As adults, when we typically think of play, we embrace the thought of escaping from work, relishing the fantasies of just being able to have fun. Unfortunately for us, we tend to believe that play and work are mutually exclusive. To children, however, play is their "work," and they take it very seriously. As a result, play enables children to acquire some critical developmental skills that can serve them for the rest of their lives.
There are many definitions of play, but play here refers to creative, imaginative recreation created and directed by children (such as make-believe play, block play, etc.). Allowing children to self-direct their play gives them creative control and ownership of their domain, allowing them to express themselves in an uninhibited manner. In turn, their curiosity is fed, stretching their minds and promoting further learning.
Here is a top 10 list of the benefits of play for young children.
- Dramatic play develops self-control and self-regulation. While play is often associated with freedom, dramatic play is actually self-regulated. Take the example of children playing firemen: if a child begins crying, another child will point out that firemen don't cry and self-control must be exercised if the child is continue to play that role.
- Role-playing increases a child's concentration and attention span. Research shows that a child's ability to control their impulses is stronger when imaging a dramatic scene rather than a non-play situation. When asked to stand still for as long as possible, four-year-old children typically did not make it past one minute. But when asked to imagine themselves as castle guards, the children stood still for as long as four minutes.
- Play is one of the vital signs and contributors of health in children. Many health professionals see a direct link between the decline of active outdoor play and the increasingly alarming rise in childhood obesity.
- Engaging in active and creative play gives children a place to vent their stress and pent-up energy. Many experts feel that the rise in childhood anxiety and aggression can be linked to the increased focus on kindergarten curriculum on standardized testing and the corresponding decrease in indoor and outdoor creative playtime.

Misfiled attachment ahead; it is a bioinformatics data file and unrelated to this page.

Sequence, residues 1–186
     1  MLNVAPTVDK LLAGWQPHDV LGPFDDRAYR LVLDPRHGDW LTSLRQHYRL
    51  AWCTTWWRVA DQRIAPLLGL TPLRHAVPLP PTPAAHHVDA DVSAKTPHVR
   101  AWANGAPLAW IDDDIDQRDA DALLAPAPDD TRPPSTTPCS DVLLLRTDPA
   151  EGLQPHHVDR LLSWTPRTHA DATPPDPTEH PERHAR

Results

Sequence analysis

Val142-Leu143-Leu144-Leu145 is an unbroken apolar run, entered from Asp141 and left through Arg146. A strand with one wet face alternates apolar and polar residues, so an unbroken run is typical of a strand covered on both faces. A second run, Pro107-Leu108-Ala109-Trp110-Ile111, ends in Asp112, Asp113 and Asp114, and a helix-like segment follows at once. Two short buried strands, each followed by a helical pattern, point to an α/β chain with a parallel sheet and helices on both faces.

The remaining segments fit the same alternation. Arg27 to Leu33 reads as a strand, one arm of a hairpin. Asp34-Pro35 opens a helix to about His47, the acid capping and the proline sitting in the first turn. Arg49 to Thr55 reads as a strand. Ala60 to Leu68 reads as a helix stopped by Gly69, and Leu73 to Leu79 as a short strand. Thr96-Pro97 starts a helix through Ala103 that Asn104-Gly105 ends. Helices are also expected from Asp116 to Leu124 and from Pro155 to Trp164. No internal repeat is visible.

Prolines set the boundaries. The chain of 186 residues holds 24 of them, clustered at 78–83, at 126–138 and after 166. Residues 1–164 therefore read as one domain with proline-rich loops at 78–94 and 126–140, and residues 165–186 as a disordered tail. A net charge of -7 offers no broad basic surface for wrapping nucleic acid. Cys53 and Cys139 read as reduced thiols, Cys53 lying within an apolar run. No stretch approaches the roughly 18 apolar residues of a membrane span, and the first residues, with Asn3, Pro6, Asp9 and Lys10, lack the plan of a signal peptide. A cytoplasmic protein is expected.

- Different types of play cultivate different fundamental developmental skills. "Large-motor" play, more commonly known as playground romping (sliding, climbing, swinging, etc.) develops coordination, balance, and a sense of self-awareness and of the space around oneself. Small-motor play, such as puzzle-making and stringing beads, develops fine-motor control, as well as dexterity. Rules-based play requires children to exercise self-control, as well as perform the social negotiation skills needed to adapt rules to changing scenarios.
- Role-playing promotes observation skills and increases verbal expression. Creating and filling out a fully-fashioned character requires children to drawn on their observations of the world around them. To communicate these observations, they further expand their vocabulary, connecting rules of effective communication with social interactions.
- Through play, children form hypotheses and play the processes to test them. Initiating special projects such as the production of a play or construction of a pillow fort provides invaluable venues for learning at many levels - learning that involves math, literacy, and even the basis of scientific method.
- Play teaches children the importance of pursuing their own ideas to a successful conclusion. Play allows children to internalize critical concepts and act out real life in an enjoyable, flexible manner that focuses on the process of learning, not the product.
- Play is linked to academic success. Research directly correlates play to children's ability to master such academic content as literacy and numeracy, problem-solving strategies, and group participation.
- Play fosters a child's social and emotional development. Play develops a child's executive center, which controls the higher brain functions associated with social and emotional abilities.
As a whole, research proves that creative play helps to develop, strengthen, and heighten children's creative, cognitive, emotional, physical, and social skills. It further promotes and enhances concentration, self-control, and regulation--all critical in achieving academic, social, and personal success throughout life.